1 Sept 2008

On the Eurostat Population Predictions

Last week, an august body known as Eurostat, made some rather bold predictions. Eurostat is the statistics office of the European Union and it took it upon itself to undertake some guesswork about what would happen to European populations over the next 50 years.

Their published results are remarkable. Not in terms of the overall population of the 27 states making up the EU, which is set to increase from a current 495 million to 520 million by 2035 and thereafter to start declining to around 505 million by 2060. The remarkability concerns the population totals for individual countries which are hugely variable. Most of the relatively poor accession states will experience dramatic population declines, of between 18% (Poland) and 28% (Bulgaria). More surprising, Germany will loose 12 million people, 14% of its current population and cease to be the largest state within the EU. That rather weighty burden will be passed to the UK, which, it is anticipated, will grow from around 61 million today to 77 million in 2060.

There doesn’t appear to be much in the way of supporting evidence for all this. The population changes have little to do with birth/death rates which will remain broadly neutral and a lot to do with patterns of migration. I can’t help thinking that what they have done is simply to have taken current trends and projected them forward far into the future. But this is a bit like saying because it’s windy today, it will still be windy in three weeks time. In other words, it’s all just guesswork, based on extrapolation of the near past into the far future.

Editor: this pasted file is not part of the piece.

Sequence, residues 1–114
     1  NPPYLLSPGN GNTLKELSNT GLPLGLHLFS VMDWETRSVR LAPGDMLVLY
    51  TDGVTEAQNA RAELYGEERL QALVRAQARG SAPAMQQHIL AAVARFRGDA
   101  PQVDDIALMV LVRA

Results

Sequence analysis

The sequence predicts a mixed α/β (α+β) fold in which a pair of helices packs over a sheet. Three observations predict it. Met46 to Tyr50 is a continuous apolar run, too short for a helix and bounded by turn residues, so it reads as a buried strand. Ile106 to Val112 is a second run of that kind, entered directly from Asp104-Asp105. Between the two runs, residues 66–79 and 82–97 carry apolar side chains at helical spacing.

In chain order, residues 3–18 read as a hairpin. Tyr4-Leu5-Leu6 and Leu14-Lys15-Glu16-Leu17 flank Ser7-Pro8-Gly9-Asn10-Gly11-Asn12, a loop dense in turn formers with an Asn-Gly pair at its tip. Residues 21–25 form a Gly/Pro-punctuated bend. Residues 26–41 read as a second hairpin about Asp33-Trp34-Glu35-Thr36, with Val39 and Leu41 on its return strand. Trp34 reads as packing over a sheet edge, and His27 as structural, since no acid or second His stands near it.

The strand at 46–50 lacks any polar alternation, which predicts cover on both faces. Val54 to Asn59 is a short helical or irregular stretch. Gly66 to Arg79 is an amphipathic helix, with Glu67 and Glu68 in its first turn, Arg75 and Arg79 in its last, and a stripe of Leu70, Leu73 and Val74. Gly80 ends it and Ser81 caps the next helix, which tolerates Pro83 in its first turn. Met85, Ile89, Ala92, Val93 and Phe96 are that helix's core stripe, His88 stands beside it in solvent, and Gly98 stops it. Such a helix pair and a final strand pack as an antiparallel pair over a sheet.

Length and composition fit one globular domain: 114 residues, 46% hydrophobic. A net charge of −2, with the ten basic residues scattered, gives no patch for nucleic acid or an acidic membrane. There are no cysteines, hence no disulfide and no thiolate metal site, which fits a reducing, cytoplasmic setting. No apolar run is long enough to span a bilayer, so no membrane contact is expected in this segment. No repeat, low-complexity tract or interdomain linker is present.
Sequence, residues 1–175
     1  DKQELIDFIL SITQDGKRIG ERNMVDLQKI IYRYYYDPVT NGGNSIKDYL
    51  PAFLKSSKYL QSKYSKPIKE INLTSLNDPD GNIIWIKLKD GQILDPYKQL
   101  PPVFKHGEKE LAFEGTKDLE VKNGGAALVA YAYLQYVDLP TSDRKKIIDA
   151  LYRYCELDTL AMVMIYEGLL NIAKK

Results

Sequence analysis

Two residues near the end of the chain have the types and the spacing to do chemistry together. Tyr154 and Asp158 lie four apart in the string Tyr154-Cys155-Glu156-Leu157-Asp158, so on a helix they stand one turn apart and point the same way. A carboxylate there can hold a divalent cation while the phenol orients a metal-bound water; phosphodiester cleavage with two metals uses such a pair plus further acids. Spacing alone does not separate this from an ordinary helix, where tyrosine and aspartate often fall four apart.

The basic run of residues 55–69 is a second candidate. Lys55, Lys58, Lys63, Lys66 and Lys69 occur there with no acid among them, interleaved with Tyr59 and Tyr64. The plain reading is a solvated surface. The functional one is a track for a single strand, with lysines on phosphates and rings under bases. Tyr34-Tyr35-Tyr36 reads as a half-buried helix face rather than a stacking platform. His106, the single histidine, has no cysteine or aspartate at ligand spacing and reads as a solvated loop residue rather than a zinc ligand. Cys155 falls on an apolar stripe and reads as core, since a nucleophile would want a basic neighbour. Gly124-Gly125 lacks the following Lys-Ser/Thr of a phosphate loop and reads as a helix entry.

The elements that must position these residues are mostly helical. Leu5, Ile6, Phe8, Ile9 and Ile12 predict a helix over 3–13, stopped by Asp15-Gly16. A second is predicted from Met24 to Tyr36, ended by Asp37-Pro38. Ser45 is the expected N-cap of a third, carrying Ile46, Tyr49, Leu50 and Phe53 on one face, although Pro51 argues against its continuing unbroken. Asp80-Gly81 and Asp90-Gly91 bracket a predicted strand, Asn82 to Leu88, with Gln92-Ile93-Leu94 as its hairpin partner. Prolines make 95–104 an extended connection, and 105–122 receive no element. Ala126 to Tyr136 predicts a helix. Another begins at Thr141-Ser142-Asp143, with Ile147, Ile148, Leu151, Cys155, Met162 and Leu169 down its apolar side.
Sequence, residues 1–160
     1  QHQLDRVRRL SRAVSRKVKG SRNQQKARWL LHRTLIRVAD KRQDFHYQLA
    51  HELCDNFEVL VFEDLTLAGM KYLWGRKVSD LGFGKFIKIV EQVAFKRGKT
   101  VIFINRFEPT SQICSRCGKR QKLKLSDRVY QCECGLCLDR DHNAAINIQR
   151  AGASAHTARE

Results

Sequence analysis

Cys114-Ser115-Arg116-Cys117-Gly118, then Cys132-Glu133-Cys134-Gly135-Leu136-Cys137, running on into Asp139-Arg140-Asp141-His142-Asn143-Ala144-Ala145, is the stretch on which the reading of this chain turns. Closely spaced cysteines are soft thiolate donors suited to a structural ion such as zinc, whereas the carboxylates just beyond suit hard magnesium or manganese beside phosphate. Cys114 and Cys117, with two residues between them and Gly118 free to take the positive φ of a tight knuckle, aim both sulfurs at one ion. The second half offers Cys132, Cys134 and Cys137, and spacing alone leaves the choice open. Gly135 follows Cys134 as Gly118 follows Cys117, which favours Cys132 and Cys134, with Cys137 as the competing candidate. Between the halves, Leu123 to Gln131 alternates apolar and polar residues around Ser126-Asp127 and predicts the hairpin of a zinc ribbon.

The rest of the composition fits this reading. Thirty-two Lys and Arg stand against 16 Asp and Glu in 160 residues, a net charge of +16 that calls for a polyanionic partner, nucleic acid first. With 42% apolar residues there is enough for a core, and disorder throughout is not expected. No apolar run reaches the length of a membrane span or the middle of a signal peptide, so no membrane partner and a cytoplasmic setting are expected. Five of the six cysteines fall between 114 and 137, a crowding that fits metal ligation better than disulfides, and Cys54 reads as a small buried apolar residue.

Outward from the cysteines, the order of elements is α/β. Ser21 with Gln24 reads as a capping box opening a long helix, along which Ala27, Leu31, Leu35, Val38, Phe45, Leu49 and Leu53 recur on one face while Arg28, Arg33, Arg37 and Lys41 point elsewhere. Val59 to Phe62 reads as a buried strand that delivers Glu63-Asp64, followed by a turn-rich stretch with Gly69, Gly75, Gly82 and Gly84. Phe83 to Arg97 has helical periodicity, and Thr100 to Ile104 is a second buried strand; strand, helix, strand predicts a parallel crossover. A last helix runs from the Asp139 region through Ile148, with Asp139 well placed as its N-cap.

But then another thought occurs. In terms of planning and the built environment, population projection is fundamental. So maybe we should take it seriously.

And then another thought. Why should we take this lying down? Who says we have to house 16 million extra people by 2060. Or Germany has to lose 12 million, or Bulgaria 2 million? Would it not be more sensible to pursue policies which encourage population stability? Why are we acting as though population is stuff that just happens to us and our job is to passively react to it?

Then another subversive thought. An extra 16 million people in the UK equates to around 8 million new homes at current household formation rates. Divide that by 50 (for the number of years between now-ish and 2060) and you get 160,000 new houses a year, just about the amount we managed to build before the credit crunch had other ideas.

Or, put another way, 8 million new homes is around a thousand eco towns of 8,000 homes apiece. Assuming that nearly all of these 16 million extra people would want to live in the South East, a region which measures approx 32,000 square miles (that’s 200 x 160), that means there would be nowhere south of Derby where you’d ever be more than six miles from an eco-town. That’s a comforting thought.

But what worries me even more is what is going to happen to Germany in this Eurostat scenario, where there will be approximately six million empty homes. And thousands of kilometres of empty autobahns. And all those spiffingly fast trains with no one on them. Germany already has a built infrastructure capable of handling a population nearly double what it is now. For what purpose? As a manufacturing powerhouse, Germany in 2060 will be run by robots and Germans will be largely redundant. Has anyone asked them how they feel about this future? Has anyone asked us?

I know it’s uncool to talk about optimal population levels, but without a population strategy, what is the point of having a planning system? That’s the sixth question mark in this blog entry: that’s enough for one evening.

1 comment:

  1. imo the main reasons for increase in UK population figures are:

    english language
    relatives & friends already in UK